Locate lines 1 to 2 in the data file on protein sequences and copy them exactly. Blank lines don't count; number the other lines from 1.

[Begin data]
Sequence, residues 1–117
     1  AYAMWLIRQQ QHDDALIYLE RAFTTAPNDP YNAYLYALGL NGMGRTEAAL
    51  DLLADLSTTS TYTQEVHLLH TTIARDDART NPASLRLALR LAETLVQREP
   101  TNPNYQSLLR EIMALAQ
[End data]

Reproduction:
Sequence, residues 1–117
     1  AYAMWLIRQQ QHDDALIYLE RAFTTAPNDP YNAYLYALGL NGMGRTEAAL